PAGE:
We have gotten numerous emails and letters lately with questions about the Avian Flu, as well as consulting jobs to help prevent it. The following is what we know about the current US Avian Flu outbreak. Firstly, there is no reason to panic. There have been ZERO human cases of Avian Flu. However, you may feel the effects of this outbreak in your wallet when you buy eggs or chicken.
What is the Avian Flu?
Avian flu is a strain of the influenza virus (the same virus we get flu shots for every year) that affects primarily birds. There have been cases of other strains of Avian flu passing to humans. The current strain of Avian Flu affecting birds in the Midwest is HPAI H5N8, which has never been confirmed to pass to humans, meaning no human cases have been reported for this strain anywhere.
However, this strain is very lethal to birds, especially poultry, and to inhibit the spread of the disease, farms have culled whole flocks of millions of birds when they notice birds with the disease among their stock. Most of these birds have been chickens, but turkeys, ducks, and other birds have been culled as well.
How is it transmitted?
Avian Flu is transmitted just like the human flu. Close contact with bodily fluids including aerosolized fluid particles from sneezing and coughing and especially droppings. This is why it can run rampant in farms that have large flocks of poultry. It is likely being moved throughout the country through wild populations of ducks and geese that visit farms and come into contact with farm birds or their water and food source. It can also be transmitted between farms that exchange breeding stock or introduce new birds from other sources.
Do we have to worry?
While there is no need to panic, any strain of Highly Pathogenic Flu should be monitored and steps should be taken to inhibit the spread of the disease to make sure that it doesn’t mutate to a strain that can infect humans. You can rest assured that this strain of Avian Flu is being closely monitored.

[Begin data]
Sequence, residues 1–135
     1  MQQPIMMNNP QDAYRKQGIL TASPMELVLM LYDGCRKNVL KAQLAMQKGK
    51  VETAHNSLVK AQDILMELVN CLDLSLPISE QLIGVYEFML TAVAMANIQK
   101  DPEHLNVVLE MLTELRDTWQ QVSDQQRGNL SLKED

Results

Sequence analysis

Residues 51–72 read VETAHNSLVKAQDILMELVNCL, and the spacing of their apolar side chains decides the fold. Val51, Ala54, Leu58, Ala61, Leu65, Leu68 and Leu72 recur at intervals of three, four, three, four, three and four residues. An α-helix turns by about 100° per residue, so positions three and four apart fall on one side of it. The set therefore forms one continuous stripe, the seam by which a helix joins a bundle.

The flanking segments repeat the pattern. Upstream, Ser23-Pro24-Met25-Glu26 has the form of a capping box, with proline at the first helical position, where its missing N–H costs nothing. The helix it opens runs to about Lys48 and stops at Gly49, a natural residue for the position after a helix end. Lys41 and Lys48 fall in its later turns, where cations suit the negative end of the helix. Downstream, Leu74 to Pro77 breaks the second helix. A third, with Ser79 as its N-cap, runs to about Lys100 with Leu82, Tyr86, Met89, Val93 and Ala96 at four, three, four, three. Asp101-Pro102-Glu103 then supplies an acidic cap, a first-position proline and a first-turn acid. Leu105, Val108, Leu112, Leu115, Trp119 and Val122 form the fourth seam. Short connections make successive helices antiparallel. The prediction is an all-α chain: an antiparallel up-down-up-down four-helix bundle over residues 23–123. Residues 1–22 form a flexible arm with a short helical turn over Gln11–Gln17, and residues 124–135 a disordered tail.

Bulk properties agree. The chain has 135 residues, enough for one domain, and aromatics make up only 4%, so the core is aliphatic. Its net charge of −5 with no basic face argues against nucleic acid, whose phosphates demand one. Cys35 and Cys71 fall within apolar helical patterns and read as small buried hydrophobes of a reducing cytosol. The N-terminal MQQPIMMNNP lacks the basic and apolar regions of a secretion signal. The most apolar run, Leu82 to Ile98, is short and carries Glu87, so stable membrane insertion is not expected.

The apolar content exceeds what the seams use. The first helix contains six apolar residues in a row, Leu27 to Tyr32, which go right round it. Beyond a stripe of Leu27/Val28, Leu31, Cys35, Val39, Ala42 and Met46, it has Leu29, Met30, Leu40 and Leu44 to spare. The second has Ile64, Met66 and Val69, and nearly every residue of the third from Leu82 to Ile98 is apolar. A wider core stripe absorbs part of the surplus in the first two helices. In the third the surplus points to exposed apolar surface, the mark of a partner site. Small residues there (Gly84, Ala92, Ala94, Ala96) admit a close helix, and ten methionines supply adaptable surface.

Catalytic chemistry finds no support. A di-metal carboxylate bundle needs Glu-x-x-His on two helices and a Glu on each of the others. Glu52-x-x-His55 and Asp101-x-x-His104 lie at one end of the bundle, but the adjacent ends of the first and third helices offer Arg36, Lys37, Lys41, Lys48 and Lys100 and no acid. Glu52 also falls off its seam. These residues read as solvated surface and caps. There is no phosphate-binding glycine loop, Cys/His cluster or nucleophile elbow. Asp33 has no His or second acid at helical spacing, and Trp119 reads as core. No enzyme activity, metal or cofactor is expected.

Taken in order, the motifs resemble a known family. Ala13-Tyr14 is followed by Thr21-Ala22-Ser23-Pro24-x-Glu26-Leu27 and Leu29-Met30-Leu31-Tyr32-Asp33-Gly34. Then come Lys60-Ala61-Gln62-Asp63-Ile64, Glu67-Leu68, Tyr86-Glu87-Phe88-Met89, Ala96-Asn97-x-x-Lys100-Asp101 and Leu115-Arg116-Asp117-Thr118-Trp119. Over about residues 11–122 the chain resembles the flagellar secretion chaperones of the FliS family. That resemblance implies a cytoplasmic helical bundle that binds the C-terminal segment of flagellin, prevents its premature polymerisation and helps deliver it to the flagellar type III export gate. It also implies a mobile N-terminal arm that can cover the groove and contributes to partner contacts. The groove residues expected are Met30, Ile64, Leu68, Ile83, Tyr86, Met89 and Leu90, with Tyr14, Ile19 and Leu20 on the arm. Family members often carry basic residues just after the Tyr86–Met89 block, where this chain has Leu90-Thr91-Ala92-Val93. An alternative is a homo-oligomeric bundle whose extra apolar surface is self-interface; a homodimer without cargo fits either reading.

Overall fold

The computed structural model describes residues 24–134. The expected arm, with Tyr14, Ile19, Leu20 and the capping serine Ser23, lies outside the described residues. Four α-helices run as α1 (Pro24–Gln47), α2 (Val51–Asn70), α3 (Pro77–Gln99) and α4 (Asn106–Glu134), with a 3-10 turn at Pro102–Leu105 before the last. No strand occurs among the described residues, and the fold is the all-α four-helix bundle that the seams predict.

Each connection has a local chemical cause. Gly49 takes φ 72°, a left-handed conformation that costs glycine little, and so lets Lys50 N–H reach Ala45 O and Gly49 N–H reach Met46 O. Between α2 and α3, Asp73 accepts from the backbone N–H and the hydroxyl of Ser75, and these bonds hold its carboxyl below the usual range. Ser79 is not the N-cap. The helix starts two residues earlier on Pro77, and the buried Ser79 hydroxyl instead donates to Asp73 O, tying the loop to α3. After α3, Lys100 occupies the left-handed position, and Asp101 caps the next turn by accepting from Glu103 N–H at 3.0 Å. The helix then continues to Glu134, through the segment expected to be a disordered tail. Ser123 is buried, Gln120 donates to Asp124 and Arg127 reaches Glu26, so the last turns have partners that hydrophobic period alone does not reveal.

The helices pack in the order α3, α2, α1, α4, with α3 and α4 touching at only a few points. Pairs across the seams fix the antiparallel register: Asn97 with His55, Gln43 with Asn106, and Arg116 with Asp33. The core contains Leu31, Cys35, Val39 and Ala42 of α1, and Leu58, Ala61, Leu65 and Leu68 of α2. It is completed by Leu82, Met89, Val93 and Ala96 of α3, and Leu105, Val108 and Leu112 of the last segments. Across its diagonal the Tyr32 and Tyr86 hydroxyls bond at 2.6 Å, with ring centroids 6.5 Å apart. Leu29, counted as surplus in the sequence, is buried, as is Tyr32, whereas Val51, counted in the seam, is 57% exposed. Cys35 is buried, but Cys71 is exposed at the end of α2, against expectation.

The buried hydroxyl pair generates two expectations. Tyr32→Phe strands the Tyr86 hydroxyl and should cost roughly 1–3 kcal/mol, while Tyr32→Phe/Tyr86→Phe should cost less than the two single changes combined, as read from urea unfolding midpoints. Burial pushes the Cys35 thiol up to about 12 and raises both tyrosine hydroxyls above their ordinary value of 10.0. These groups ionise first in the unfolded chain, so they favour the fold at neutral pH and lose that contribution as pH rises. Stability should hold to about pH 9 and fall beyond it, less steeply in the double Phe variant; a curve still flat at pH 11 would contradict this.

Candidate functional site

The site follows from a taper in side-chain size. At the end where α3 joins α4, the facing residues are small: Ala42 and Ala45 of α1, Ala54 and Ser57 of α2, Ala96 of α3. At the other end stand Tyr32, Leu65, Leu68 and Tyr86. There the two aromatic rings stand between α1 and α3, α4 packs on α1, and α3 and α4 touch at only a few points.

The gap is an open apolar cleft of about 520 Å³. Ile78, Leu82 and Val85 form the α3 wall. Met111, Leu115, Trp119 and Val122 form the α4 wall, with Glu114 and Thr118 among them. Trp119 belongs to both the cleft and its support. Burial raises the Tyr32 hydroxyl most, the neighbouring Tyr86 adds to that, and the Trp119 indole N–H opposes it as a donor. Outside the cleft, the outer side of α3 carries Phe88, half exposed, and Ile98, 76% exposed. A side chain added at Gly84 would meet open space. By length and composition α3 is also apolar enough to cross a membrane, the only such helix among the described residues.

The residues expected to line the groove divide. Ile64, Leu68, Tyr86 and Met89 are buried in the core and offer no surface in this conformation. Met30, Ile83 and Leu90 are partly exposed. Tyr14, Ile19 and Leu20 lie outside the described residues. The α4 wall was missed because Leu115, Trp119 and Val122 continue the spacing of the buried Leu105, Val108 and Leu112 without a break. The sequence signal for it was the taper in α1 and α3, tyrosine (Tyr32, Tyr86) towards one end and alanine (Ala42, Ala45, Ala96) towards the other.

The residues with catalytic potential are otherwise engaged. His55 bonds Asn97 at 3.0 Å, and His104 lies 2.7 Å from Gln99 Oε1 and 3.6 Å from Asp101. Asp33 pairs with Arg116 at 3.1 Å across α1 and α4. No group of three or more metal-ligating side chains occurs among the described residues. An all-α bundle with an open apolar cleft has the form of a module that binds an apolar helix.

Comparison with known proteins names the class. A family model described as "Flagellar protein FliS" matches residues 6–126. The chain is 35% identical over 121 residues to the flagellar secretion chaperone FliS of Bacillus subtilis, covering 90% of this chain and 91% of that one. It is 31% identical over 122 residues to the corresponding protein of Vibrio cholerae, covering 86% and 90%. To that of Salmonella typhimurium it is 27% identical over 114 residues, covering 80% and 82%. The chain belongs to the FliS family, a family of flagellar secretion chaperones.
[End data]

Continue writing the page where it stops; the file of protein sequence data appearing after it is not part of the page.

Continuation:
There has been a lull in new cases over the summer months. This is primarily due to the “flightless” period for waterfowl (when they molt all of their flight feathers and grow new ones to prepare for migration). They cannot spread the disease if they cannot fly to different sites. The heat of the summer is also hard on the virus, which may have helped to stop new cases. However, the flightless period is now over and as the weather cools we may see more outbreaks of this disease in the coming weeks.
What can you do to help?
Avian flu has been found in backyard chicken flocks. The best thing to do is, first of all, don’t panic, don’t spread unconfirmed rumors, and educate yourself about the outbreak and this particular strain of flu. Next, keep aware of your surroundings and report any sick waterfowl or poultry that you see to the USDA. Helping them keep track of the progression of the disease will help with prevention and care of domestic poultry flocks. Cook all of your poultry and eggs thoroughly. While there are no human cases to date, influenza viruses have a high potential to mutate and precautions should be taken.
We at Wild Goose Chase, Inc. and Migratory Bird Management, LLC will be out there dispersing the flocks to keep the droppings and all associated diseases off of your properties! We are also consulting with poultry farmers nationwide to help them deter wild birds from their flocks and preventing the spread of this disease to their birds!